Insurance for freight forwarders


International trade can involve complicated procedures and problems may arise along the supply chain. ITM Editor Joseph Clarke looks more specifically at the role of freight forwarders, and the importance of freight insurance 

When transporting goods from one country to another, you will most definitely want to find a reliable freight forwarder to ensure that your shipment is smooth sailing. International trade is not a simple process and there can be complications with shipping. Fortunately, efficient freight forwarders are at hand, freeing the entire process from order to delivery from any burden.  

Before entrusting a freight forwarder with your goods, you need to be completely sure that they are reliable. Make sure that they offer transparent pricing to avoid receiving a hefty bill that is way above the negotiated price. Professional freight forwarders must also be skilled and knowledgeable. Take the time to do your research on the company to ensure that they have experience and positive customer feedback. If in doubt, getting in touch with the freight forwarder and asking questions will help you to gain more insight into the history and success of the company. Qualified, trustworthy forwarders should be able to answer your questions with speed and accuracy. Additionally, they will also come up with solutions to any problems you might be facing with your shipments.     

Freight forwarders 

Freight forwarders, also known as forwarding agents, act as the mediator between buyers and sellers, and are responsible for delivering the goods from the seller to the buyer. 

Freight forwarders work with shipping companies, airlines, and other transportation companies. The forwarding agents book space from these companies, collect your goods and provide you with a series of transportation services, such as customs clearance and arranging shipment, which greatly improves the overall efficiency of cargo transportation. 

While some buyers might be tempted to bypass freight forwarders, by organising pick-up and delivery themselves, this option can be very impractical. When shipping freight, for example, you will need to have a high volume of cargo. Unless you have tens or possibly hundreds of containers to be shipped, you will find it difficult to find a shipping company to accept your order. In the case that you do indeed manage to get your cargo accepted onto a shipment, you will still need to organise other complicated matters such as delivery and insurance.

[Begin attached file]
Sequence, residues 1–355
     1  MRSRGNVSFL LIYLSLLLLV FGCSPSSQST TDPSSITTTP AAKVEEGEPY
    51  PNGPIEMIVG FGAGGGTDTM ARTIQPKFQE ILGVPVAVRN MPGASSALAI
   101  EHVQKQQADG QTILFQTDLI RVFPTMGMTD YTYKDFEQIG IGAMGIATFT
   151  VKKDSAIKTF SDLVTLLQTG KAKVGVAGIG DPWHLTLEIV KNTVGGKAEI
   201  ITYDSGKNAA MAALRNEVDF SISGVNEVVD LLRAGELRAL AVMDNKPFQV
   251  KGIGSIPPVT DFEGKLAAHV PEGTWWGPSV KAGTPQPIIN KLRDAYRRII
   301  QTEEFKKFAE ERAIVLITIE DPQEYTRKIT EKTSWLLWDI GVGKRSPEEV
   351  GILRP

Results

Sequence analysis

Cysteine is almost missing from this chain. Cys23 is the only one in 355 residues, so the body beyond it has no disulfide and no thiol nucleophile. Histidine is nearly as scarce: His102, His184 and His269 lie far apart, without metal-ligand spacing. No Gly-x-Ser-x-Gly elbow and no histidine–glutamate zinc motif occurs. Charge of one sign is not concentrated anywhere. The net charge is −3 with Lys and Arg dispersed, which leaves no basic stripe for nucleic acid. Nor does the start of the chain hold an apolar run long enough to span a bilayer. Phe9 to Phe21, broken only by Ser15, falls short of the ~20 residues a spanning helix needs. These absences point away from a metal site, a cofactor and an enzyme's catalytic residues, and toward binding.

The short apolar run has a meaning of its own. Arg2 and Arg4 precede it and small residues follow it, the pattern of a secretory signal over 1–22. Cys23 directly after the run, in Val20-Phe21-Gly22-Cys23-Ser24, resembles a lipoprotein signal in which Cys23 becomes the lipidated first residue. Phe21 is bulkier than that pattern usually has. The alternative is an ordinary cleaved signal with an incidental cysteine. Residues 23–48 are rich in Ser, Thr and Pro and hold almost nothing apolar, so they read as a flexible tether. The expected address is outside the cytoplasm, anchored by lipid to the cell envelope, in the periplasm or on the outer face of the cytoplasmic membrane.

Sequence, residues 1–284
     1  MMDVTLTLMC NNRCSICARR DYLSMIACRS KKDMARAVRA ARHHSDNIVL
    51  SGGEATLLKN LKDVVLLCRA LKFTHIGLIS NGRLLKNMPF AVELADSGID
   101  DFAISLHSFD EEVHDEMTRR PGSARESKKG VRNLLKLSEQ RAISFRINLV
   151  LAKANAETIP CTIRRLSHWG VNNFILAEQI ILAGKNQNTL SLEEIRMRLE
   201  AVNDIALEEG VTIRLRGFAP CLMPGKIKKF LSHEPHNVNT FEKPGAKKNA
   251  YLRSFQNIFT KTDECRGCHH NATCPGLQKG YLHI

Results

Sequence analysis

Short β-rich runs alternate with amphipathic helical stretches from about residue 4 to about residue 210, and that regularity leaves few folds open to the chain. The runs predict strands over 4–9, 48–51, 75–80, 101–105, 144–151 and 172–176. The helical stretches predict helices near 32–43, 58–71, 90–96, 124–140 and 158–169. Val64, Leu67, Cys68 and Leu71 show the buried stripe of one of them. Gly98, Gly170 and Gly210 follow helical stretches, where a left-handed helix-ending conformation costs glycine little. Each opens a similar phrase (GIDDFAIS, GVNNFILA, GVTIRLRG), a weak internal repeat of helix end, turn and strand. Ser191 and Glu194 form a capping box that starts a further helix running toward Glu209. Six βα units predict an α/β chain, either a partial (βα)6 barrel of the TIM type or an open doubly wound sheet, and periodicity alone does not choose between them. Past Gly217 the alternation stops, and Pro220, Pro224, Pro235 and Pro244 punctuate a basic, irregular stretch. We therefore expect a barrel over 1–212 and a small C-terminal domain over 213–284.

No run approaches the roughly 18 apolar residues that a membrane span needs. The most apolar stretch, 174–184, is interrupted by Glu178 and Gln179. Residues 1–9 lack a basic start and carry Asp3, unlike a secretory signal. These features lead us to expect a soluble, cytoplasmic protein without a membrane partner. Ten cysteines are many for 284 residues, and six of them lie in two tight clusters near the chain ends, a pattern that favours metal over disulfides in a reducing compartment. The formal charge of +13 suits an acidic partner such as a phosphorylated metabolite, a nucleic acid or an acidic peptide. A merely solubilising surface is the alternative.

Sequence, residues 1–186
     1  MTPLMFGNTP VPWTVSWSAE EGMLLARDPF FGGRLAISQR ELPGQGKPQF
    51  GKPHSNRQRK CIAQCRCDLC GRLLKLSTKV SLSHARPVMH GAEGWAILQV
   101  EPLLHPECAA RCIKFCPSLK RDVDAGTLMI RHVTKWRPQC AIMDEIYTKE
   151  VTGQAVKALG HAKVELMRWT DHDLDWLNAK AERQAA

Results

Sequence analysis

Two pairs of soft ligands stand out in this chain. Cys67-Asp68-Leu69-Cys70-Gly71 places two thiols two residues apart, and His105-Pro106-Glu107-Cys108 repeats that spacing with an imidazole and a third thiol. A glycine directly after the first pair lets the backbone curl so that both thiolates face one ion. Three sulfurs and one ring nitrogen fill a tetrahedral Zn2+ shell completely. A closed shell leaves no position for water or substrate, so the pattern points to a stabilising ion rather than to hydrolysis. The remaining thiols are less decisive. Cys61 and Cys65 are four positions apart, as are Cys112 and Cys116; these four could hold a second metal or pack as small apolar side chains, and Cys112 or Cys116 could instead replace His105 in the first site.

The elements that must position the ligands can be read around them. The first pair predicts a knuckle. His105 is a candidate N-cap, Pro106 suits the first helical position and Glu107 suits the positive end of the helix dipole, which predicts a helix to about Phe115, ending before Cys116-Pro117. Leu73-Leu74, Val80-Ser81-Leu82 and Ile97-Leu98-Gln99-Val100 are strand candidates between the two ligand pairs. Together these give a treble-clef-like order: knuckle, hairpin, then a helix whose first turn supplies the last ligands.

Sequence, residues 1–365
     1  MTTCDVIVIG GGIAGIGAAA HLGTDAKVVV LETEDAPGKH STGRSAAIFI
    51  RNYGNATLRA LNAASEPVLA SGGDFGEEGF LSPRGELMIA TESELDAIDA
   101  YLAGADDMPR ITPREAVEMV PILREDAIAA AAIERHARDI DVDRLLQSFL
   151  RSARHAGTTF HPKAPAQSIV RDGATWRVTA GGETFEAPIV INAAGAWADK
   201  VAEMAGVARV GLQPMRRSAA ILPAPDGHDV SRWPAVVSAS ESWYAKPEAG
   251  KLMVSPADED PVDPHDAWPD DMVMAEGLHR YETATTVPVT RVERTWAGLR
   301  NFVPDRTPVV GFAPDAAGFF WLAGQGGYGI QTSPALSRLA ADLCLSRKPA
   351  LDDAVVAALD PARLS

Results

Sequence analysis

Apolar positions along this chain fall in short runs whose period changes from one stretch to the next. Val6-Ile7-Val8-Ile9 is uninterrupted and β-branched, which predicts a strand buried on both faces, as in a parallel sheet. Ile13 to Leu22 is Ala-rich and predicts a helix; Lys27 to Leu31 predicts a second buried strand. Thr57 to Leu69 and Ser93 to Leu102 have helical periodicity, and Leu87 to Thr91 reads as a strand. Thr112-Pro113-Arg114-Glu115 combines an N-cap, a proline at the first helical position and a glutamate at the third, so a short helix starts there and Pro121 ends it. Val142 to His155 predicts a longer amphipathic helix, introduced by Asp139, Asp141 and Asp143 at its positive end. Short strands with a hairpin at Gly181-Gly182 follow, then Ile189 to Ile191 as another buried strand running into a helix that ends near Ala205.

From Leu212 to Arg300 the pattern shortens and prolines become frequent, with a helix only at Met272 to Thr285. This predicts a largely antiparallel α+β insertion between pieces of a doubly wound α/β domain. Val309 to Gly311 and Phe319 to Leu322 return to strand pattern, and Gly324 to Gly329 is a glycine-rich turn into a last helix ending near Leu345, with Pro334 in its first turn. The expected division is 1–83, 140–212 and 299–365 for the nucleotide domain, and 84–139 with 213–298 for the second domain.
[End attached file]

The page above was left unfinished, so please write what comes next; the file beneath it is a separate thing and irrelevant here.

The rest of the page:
As freight forwarders are not only handling your goods, but the goods of others too, they can meet the requirements of shipping companies, saving time and money, as well as resolve any legal or bureaucratical issues that may arise along the supply chain. Furthermore, as there is a partnership between freight forwarders and shipping companies, discounted prices are often given.   

Types of freight forwarding  

Two main types of forwarders are available, each offering slightly different services – one being slightly more comprehensive than the other.   

All-inclusive forwarders are responsible for all procedures from the seller to your destination and offer a variety of transportation methods – by land, sea and air. They also provide you with the best transportation plan to fit with the quantity and properties of your goods.  

Dedicated forwarders are advantageous when shipping to particular countries as they work with forwarders or brokers who have strong customs clearance in the destination country. This makes for a smoother and shorter shipping process. Some countries like Turkey, India and Brazil are known for being stricter at customs, so using a dedicated forwarder in these cases is preferable.  

Freight forwarding stages 

Freight forwarding begins with export haulage. This is the very first stage in logistics, where the transportation company picks up the cargo from the seller to take to the freight forwarder’s warehouse, usually a self-owned or locally owned warehouse. This cargo is commonly transported in freight trucks; however, this may vary depending on the distance to the warehouse and the characteristics of the cargo. The time of its arrival at the warehouse is also reliant upon these factors.  

The second stage is export custom clearance. Before being shipped, the international transportation of goods must be given clearance through customs. Custom agents in the country of origin check the cargo and its associated paperwork, legal documents and permission of transit before allowing it to leave the country. Freight forwarders usually rely on custom brokers to complete this stage.